Seven in ten children who have tonsils removed 'unlikely to benefit'

Desiree Burns
November 8, 2018

According to the report more than one in 10 children who had the procedure attended casualty departments often with post-surgery bleeding.

Earlier this year the NHS announced that the removal of tonsils was among a list of procedures that would be reduced in a bid to save money.

A new United Kingdom study has found that only one in every eight children who have tonsillectomies benefit from the operation...

The study added that current British health policy, based on the best scientific evidence, is that to meet the criteria to benefit from a tonsillectomy, children must suffer from either more than seven documented sore throats in a year; more than five sore throats per year for two successive years; or three sore throats per year for three successive years.

"It's hugely important to regularly review the benefits of all treatments and procedures in medicine based on new emerging research and evidence", she said.

Evidence suggests that the procedure results in modest, short-term reductions in recurrent sore throats in severely affected children, the researchers said.

However, only a small number of those who received the procedure had this many sore throats, according to the study published in the British Journal of General Practice.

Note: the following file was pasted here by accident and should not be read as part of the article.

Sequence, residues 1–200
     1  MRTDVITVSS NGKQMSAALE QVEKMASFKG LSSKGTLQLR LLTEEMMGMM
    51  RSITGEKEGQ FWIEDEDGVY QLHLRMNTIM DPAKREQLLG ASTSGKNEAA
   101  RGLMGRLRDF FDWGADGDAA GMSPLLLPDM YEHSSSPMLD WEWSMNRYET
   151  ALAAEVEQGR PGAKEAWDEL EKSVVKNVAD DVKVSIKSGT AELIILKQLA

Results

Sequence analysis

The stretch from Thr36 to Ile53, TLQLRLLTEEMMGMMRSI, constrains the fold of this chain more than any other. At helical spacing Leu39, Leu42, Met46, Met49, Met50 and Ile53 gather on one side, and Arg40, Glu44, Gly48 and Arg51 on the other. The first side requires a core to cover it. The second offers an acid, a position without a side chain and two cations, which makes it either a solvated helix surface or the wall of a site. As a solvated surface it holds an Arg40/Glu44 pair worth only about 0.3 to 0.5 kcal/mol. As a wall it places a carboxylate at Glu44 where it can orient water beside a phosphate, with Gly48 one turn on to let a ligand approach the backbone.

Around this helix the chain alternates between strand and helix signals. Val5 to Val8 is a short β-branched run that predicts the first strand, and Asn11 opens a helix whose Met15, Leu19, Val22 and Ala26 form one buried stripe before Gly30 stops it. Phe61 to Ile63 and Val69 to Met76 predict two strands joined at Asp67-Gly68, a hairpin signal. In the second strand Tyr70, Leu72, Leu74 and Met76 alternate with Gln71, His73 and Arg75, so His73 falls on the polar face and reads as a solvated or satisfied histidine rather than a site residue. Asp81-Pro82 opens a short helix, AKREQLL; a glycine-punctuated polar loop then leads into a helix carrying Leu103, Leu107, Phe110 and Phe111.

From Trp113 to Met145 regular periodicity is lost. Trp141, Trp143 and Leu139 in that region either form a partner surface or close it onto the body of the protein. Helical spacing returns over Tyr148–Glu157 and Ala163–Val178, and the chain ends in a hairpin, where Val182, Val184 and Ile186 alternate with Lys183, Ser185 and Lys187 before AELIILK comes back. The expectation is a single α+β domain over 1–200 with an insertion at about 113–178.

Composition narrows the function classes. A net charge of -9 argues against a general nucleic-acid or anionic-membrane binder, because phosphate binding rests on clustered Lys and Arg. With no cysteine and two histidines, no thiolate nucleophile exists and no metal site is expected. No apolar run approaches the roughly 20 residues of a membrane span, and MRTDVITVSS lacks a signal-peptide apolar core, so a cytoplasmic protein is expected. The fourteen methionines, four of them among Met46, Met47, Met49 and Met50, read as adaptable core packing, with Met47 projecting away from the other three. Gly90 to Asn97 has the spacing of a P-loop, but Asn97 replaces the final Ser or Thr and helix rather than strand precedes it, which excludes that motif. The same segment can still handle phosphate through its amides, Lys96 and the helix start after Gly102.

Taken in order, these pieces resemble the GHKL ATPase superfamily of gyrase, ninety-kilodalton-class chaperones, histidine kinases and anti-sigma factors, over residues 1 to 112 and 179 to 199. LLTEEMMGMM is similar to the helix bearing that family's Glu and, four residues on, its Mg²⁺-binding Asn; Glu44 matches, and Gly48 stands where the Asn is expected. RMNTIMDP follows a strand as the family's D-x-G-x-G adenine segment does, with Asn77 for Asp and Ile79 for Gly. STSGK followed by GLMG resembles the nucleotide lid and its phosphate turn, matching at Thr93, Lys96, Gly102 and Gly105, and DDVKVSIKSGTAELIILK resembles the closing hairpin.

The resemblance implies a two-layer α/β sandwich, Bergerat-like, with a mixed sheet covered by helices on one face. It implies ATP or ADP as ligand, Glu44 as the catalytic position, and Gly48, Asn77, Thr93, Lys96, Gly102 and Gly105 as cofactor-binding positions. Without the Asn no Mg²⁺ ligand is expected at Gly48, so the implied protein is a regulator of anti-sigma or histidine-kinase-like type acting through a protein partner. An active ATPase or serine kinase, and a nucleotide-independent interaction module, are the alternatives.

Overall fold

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It also found that 44.6% of those who had the procedure had between two and four sore throat episodes and 12.4% who had the operation had five or six instances of sore throat.

Writing in the British Journal of General Practice, Marshall and colleagues describe how they scoured a research database that contains anonymous electronic medical records from 739 general practices around the United Kingdom, looking at records between 2005 and 2016 for children up to 15 years old.

"In the United Kingdom, few children with evidence-based indications undergo tonsillectomy and seven in eight of those who do (32,500 of 37,000 annually) are unlikely to benefit", the authors wrote.

Researchers said decisions to operate on children were "ethically dubious" and wasting the NHS £40m a year. In those children with enough documented sore throats, the improvement is slightly quicker after tonsillectomy, which means surgery is justified.

"If children have had a lot of sore throats and they are fairly severe then that is a reason for removing tonsils". "But research suggests children with fewer sore throats don't benefit enough to justify surgery, because the sore throats tend to go away anyway".

While the Mayo Clinic reports that tonsillectomies were once common but now are generally only performed when bacterial tonsillitis occurs frequently, doesn't respond to treatment or causes other complications, researchers in the new study say the pattern they observed changed little over the 12-year period.

He added: "Children may be more harmed than helped by a tonsillectomy. It makes you wonder if tonsillectomy ever really essential in any child".

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